Anyone else problems with accurate blood test results? Problems @ Lancaster

Had numerous blood test results from Royal Lancaster Infirmary and every time my T4 is elevated.

I have been under the consultant at Blackpool all year months because of this. I have had my bloods done at Blackpool twice and both results show normal results.

They have scanned my thyroid and it is normal size etc. My heart rate is 45 which I was very worried about as they said it was very low for someone who was hyper. However if i trust Blackpool and I am not not hyper I just have a healthy heart.

The consultant is writing to the lab at Lancaster to enquire what is happening with my results. Lancaster is on special measures because they are a failing hospital.

My GP asked me if I could accidentally be taking any thyroid medication to alter the results! He also said my symptoms could be anxiety based. However i did not have any symptoms before they told me I was hyper! I went to the doctors with Raynauds and they diagnosed this problem. I just thought I fit into the 'can't sit still pattern' and the 'exhausted as a result.' I have been anxious about my heart but my parents have been through value replacements over the last couple of years and it is scary stuff! I had also been anxious about being ill!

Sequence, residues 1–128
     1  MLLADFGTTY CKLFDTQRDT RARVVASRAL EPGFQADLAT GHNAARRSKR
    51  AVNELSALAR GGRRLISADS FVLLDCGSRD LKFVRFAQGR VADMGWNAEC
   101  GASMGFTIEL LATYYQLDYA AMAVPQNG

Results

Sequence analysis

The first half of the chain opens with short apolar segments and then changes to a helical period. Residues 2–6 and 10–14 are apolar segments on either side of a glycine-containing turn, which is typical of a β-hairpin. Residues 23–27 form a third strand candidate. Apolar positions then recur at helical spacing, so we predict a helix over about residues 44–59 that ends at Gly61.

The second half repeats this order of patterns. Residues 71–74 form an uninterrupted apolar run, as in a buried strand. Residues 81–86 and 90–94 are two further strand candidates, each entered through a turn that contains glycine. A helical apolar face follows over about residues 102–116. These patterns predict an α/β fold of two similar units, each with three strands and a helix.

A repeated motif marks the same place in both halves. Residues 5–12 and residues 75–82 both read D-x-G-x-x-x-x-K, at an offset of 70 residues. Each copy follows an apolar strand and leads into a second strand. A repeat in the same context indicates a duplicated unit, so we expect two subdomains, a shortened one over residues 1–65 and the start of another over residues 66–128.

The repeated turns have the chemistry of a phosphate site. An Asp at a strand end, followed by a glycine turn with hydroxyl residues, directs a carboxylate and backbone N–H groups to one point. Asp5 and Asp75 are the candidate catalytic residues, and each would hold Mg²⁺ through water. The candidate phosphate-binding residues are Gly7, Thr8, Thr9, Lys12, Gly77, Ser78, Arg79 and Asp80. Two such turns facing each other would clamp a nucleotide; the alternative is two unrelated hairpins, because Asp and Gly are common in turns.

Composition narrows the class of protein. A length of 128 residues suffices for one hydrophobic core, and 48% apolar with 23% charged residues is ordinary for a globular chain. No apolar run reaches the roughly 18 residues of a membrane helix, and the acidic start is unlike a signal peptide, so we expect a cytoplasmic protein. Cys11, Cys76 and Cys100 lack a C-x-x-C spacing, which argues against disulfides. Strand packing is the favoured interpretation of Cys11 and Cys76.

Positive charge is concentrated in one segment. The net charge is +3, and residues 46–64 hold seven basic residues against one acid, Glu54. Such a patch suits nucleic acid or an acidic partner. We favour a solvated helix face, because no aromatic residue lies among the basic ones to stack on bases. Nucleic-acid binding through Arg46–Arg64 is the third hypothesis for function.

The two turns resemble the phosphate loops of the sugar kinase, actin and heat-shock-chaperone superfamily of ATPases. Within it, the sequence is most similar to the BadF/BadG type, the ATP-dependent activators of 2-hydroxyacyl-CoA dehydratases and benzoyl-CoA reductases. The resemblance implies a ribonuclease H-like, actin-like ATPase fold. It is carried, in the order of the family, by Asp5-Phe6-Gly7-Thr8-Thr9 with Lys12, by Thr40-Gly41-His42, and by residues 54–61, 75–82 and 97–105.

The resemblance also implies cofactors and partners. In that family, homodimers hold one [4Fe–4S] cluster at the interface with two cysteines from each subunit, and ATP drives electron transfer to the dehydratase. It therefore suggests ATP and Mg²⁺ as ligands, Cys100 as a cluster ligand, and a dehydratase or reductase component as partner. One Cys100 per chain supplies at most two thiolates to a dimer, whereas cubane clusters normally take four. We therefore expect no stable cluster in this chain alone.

Has anyone had similar problems with results?

10 Replies

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  • If you get a print-out of your most recent blood tests for the thyroid gland with the ranges and post for members to comment on them.

    Some athletes who train a lot have a very low pulse but am not sure if that's the reason for yours.As you say if hyper, usually it's fast.

  • free t4 13.5 (10-18.7)

    t3 1.7 (0.02 - 6.00)

    sodium 141 (133-146)

    potassium 4.2 (3.5-5.3)

    urea 2.9 (2.5-7.8)

    creatinine 58 (40-95)

    calcium 2.43 (2.20-2.60)

    ast 21 (7.40)

    total protein 69 (50-80)

    albumin 44 (35-50)

    bilrirubin 8 (3-20)

    alkaline phosphatase 61 (30-100)

    adjusted calcium 2.37 (2.20 - 2.60)

    cortisol 357

    tsh 1.93 (0.3-5.0)

    However when I get tested at Lancaster my T4 is always around 27 / 28.

    When I asked my GP if Lancaster hospital could be messing the tests up they found it hard to believe so my GP asked me was there any chance I was inadvertently taking someones thyroxine which would alter the results - obviously I am not! It is far more likely that they are messing my results up than I am inadvertently taking drugs!